Stab, stab. Twist, twist. Did yesterday's questions hit below the belt? Maybe so. But they are the kind of questions that reveal the pulse of your efficiency heartbeat.
If you're like I am, life is too busy to add some unrealistic, humongous, impossible-to-achieve-anyway program. Instead, let's deal with the problem in a straightforward and simplified manner. First, admit to yourself that you could stand a change here and there. Try to be specific enough to pinpoint a couple of particular areas that keep bugging you. Don't bite off too much, just one or two trouble spots you plan to deal with first.
Now then, write down the problem. Maybe it would be "I am usually late to a meeting. More often than not, I have to hurry . . . and even then, I am five to ten minutes late."
Once this is done, think about several practical ways you can conquer the habit or pattern you've fallen into. Again, write down the plan for correction.
One final suggestion: Work on only one or two projects at a time. If you try to shoot at too many targets at once, you won't hit any. This will frustrate you and may cause you to give up. And, by the way, don't forget to pray and read a brief portion of God's Word. You'll certainly find help there.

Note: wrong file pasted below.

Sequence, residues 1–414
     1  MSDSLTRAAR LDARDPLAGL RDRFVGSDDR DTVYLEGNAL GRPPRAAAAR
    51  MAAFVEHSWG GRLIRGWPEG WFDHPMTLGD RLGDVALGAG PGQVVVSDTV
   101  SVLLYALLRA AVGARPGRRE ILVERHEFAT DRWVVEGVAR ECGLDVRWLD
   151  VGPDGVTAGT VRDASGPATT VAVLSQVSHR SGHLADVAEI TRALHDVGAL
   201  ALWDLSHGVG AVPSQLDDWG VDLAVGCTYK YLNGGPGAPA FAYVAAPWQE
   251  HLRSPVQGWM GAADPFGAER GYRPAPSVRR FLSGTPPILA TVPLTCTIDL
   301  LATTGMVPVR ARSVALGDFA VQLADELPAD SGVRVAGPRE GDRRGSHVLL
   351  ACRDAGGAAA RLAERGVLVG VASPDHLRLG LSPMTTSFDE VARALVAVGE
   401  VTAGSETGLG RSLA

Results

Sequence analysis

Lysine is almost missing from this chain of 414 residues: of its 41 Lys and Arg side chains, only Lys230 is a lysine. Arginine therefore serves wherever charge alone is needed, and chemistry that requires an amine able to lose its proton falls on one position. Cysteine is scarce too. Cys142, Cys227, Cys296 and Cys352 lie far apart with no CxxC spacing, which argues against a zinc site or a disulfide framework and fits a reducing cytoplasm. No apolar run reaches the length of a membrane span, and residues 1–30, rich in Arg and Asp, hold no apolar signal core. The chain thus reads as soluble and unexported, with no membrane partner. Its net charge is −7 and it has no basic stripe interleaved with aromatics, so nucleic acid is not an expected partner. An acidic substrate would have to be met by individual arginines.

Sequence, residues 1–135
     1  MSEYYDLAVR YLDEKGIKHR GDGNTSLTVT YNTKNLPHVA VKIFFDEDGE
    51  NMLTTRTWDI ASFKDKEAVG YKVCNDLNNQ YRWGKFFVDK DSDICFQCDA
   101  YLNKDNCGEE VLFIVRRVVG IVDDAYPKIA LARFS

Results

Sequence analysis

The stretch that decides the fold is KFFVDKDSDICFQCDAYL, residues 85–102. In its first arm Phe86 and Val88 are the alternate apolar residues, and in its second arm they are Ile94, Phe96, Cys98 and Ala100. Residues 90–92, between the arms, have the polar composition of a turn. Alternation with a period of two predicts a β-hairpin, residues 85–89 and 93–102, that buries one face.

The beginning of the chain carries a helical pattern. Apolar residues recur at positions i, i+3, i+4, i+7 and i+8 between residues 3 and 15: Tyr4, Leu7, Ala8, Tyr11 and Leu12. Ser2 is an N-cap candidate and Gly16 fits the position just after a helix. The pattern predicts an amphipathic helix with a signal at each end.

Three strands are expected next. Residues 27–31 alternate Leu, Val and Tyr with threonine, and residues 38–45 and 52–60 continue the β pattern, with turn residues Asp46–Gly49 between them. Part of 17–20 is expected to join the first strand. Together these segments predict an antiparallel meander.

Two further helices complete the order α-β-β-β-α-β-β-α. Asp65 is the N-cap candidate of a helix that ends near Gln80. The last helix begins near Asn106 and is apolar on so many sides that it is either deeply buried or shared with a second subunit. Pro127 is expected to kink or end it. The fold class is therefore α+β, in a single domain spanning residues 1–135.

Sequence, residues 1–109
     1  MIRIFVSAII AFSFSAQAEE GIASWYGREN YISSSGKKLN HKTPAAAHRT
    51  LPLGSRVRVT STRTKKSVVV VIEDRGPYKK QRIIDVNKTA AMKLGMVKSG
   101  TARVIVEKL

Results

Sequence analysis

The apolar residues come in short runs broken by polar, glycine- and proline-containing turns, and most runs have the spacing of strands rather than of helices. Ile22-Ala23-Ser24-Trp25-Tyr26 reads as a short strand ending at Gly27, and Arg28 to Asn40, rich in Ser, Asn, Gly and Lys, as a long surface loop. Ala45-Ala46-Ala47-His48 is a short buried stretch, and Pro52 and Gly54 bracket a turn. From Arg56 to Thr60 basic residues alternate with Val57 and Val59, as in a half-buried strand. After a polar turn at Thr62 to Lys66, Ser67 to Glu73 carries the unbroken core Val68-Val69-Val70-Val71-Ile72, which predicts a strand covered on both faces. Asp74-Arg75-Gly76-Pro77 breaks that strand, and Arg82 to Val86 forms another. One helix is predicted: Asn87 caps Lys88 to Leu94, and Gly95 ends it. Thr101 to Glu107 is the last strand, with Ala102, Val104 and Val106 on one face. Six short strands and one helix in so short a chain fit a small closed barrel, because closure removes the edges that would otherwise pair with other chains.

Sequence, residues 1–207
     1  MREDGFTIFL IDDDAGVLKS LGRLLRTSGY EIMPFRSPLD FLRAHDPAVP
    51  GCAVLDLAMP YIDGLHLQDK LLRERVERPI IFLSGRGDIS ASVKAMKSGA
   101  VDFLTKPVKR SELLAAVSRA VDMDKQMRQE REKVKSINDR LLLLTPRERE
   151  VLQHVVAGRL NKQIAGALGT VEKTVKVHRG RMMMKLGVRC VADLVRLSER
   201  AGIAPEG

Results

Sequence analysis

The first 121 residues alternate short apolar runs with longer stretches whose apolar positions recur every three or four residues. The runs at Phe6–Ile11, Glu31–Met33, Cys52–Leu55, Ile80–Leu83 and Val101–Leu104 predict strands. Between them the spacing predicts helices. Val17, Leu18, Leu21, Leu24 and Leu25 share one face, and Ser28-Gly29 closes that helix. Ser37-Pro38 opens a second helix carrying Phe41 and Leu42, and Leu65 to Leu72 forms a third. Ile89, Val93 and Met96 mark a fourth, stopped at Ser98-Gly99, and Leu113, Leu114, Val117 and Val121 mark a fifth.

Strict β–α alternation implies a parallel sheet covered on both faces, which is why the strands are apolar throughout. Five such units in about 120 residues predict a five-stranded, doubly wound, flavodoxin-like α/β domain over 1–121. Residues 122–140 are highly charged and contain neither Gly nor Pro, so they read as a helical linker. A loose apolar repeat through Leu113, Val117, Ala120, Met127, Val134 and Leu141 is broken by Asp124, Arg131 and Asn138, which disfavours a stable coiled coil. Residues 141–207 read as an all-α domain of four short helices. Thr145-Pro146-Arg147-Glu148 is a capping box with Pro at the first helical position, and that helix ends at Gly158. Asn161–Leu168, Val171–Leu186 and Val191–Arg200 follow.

For example, the Book of Proverbs puts a high priority on orderliness. You can't read it without getting motivated . . . and convicted! Take 26:13–16, where inefficiency is personified as a sluggard. "The sluggard says, 'There is a lion in the road! A lion is in the open square!' As the door turns on its hinges, so does the sluggard on his bed. The sluggard buries his hand in the dish; he is weary of bringing it to his mouth again. The sluggard is wiser in his own eyes than seven men who can give a discreet answer."
The syndrome is painfully clear:
We see danger . . . but we don't care (the lion).
We are concerned . . . but are too lazy to change (the bed).
We become victims of habit (the dish).
We rationalize our failures.
"Decently and in order." That's our goal, remember. Most of us are a lot more decent than we are orderly. Which means we qualify as highly moral, well-behaved sluggards.
An orderly life is like an orderly closet;
it looks good and it serves its intended purpose.
An orderly life is like an orderly closet; it looks good and it serves its intended purpose.
— Charles R. SwindollTweet This